Fascism came from Benito Mussolini. Mussolini was a socialist but after coming to power in the troubled country of Italy, he created fascism to unite all of Italy. Fascism was created to adapt to represent the wants of a changing nation, making it appealing to a country like Italy which struggled under the rule of other countries for centuries. While it works with the wants of a nation, fascism demands organization. People have their freedom but only under the rules of the State.

While socialism is based on materials and all people sharing their hard work, fascism is based on the people. Nothing is done to help the economy, but help the people themselves. Mussolini stated that the twentieth century was going to the century of fascism, the century of the State((http://legacy.fordham.edu/halsall/mod/mussolini-fascism.asp)).

Stalin, Fascists and Freedom

The texts assigned for Friday’s class portray the changing views, which the Soviet Union held towards Germany and other Western nations. While the Hitler-Stalin Pact suggests a mutual understanding between the two leaders (and, by extension, their nations), the later documents paint a far different view of a ‘fascist’ Germany.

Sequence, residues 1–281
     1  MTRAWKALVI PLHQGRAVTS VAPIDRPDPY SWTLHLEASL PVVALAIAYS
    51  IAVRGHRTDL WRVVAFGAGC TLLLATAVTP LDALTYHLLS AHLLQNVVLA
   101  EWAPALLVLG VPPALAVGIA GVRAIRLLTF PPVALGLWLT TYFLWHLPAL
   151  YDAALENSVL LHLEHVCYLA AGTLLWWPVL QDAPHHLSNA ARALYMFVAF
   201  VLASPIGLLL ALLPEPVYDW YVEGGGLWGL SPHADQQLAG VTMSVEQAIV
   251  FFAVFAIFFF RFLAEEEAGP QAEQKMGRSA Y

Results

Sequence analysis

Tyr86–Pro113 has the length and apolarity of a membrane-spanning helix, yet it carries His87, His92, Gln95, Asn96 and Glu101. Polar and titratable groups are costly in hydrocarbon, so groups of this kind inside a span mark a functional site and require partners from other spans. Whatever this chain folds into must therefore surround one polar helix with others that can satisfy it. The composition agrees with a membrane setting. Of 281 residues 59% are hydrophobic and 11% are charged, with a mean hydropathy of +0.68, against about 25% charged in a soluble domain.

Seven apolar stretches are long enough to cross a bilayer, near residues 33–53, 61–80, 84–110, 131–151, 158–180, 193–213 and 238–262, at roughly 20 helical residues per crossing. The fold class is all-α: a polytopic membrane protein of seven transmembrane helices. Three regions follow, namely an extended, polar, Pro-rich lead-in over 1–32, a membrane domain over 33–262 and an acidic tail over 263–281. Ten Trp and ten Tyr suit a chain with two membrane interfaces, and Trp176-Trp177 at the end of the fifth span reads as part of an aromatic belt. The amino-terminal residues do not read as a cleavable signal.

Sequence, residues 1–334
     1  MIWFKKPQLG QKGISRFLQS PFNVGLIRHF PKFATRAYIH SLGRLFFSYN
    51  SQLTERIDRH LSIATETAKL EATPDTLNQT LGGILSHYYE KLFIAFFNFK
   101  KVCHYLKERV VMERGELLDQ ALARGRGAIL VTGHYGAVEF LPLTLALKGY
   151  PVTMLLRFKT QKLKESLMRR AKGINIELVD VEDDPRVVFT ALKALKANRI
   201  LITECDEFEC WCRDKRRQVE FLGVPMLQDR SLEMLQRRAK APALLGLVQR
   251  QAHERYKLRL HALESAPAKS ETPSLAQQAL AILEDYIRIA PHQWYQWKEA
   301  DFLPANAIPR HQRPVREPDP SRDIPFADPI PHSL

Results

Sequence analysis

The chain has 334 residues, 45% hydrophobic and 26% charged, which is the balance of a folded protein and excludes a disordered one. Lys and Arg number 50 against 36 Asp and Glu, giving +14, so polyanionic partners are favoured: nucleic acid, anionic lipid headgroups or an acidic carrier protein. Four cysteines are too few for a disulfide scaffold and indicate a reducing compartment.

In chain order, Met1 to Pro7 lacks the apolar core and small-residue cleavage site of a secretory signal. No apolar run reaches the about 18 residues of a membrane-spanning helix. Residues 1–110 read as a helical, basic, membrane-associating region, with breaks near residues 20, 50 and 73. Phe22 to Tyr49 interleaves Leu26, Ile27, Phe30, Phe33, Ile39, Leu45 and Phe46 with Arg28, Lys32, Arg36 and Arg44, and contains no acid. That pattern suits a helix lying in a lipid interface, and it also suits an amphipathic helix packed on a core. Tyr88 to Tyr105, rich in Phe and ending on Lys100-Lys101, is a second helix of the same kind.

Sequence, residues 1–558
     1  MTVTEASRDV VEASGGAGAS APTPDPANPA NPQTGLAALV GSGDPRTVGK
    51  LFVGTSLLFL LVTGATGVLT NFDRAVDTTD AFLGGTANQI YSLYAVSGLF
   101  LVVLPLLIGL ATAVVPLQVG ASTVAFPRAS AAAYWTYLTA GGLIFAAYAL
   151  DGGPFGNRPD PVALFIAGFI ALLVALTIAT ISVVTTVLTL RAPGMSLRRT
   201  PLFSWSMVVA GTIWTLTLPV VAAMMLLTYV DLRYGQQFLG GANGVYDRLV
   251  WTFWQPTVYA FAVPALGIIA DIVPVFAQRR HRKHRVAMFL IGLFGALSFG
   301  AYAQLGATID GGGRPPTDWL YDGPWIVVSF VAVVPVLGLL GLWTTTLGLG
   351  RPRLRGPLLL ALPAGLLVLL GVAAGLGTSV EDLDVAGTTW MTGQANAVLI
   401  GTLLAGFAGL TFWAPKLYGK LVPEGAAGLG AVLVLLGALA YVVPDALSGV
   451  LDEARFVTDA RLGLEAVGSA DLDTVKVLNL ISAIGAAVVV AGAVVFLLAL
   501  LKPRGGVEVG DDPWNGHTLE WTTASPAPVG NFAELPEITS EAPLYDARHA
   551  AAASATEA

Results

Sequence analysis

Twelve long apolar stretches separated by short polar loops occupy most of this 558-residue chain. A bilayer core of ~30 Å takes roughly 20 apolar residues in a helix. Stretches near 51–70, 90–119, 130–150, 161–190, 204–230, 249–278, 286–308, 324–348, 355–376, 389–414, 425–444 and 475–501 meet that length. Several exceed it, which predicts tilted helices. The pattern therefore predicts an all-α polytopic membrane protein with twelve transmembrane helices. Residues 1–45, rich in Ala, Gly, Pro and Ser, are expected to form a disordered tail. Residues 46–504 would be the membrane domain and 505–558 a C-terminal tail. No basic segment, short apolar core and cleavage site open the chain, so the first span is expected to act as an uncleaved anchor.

In Stalin’s speech in February 1946, he seems to align the Soviet Union with the Western world in a coalition against fascism, and describes the USSR (and other countries involved in the coalition) as freedom-loving. To most Westerners, this would appear contradictory: freedom is only seen in a capitalistic, democratic context, indicating that socialism and communism are inherently freedom-less.

Stalin’s response to Churchill’s “Iron Curtain” speech shows a shift in Stalin’s thinking, as Stalin compares Churchill to Hitler and accuses Churchill of creating an English racial theory, somewhat similar to Hitler’s racial theory. This was a drastic shift, occurring in only a little over a month (Stalin’s response was published in Pravda in March 1946).